Utilities Disruption

Do you know what to do in the event of major utilities failures? Find out what you need to know, how to prepare, what to do when it happens and also what to do after the event.

‘Utilities’ are organisations and companies that provide the essential services to your home and community.

These normally fit into four categories:

  1. Energy: electricity, natural gas and petroleum products (responsibility of commercial retailers).
  2. Three Waters:  drinking water, wastewater, and storm water (responsibility of Local Council).
  3. Telecommunications: landline, mobile phone, and internet (responsibility of commercial retailers).
  4. Transport: local roads (responsibility of Local Council) and State Highways (responsibility of NZ Transport Agency), airports and seaports (responsibility of Local Council and Commercial Operators), and railways (responsibility of Kiwi Rail).

A failure of one or more of these utilities can occur as a result of any type of natural disaster, such as a flood, storm, severe weather, earthquake, volcano, landslide or tsunami. In these situations, Civil Defence will work alongside the utilities companies to restore and maintain services to the community.

What can I do to personally prepare for this event? 

  • Make a plan with your family/flatmates/friends to get through an emergency. Think about the things you need every day and work out what you would do if you didn’t have them.
  • Know when, where and how to turn off the water, electricity and gas at the mains switch to your home or business. Remember to treat all electrical equipment as ‘live’.
  • Have your utility company’s phone number, email and website address handy. That way you can report any faults and follow the progress on the restoring of services. Note that in an emergency call centres and websites may become overloaded.
  • If you are reliant on electricity for a medical device, notify your electricity retailer directly.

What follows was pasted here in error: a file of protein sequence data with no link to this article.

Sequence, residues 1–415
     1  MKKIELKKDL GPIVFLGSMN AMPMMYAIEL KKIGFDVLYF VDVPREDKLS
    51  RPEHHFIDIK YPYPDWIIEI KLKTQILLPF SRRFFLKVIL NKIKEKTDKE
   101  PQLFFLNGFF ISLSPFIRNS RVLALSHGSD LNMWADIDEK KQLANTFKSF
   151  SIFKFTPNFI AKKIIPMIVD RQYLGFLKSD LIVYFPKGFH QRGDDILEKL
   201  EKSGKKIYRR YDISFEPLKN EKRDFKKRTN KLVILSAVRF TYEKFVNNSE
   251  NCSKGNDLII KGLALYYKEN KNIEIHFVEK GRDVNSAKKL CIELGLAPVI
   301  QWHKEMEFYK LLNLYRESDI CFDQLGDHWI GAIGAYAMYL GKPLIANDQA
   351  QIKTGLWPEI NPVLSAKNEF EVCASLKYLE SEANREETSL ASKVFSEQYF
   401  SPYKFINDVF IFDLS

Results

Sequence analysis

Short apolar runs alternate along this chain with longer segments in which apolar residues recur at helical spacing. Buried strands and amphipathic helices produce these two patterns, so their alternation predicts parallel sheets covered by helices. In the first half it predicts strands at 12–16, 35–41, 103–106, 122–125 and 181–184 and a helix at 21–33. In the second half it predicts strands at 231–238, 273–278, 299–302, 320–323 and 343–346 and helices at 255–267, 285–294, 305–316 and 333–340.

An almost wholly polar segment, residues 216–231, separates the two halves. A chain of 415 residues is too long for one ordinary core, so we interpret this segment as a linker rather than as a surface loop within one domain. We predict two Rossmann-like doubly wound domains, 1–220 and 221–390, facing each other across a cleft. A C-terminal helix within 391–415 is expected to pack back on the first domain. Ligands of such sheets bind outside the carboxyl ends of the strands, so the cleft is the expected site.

• Being prepared with food, water, medication and alternatives to power and gas will lower dependence on transport and supply chains.

No Electricity or Gas:

What would you do if the power was out for days? How will you see, cook, and keep warm?

  • Treat all electricity as live and never touch exposed electrical equipment.
  • Report electricity and gas faults to your retailer via their faults number or website.
  • Do you have spare cash in case ATM's, EFTPOS machines, and payWave are not working?
  • Do you have enough fuel in case petrol pumps are not working?
  • Make sure you have torches and batteries, either in your emergency kit or somewhere everyone can find them in the dark.

No Water

Imagine having no water for three days or more. How would you wash, cook, and clean? What would you drink?

  • Do you have enough drinking water (3 litres per person per day for 3 days or more). What will we cook and clean with? What will we use for a toilet? It is best to change the water every 12 months.
  • Keep your empty water, juice and other drink bottles, give them a good clean and fill them with water. Don’t forget to store water for babies and pets too.
  • Remember to store water for cooking and cleaning as well. You can use the water in your hot water cylinder, but store some extra in large plastic containers.
  • You can also fill plastic food containers with water and keep them in the freezer. These can help keep food cool if the power is off and can also be used for drinking.

No Phone or Internet

If the phone and internet lines are down, how would you keep in touch, arrange to meet up, keep up with news and weather alerts?

  • In most emergencies it’s best to stay in your own home, so make your home your meeting place and have an alternative in case you can’t get there.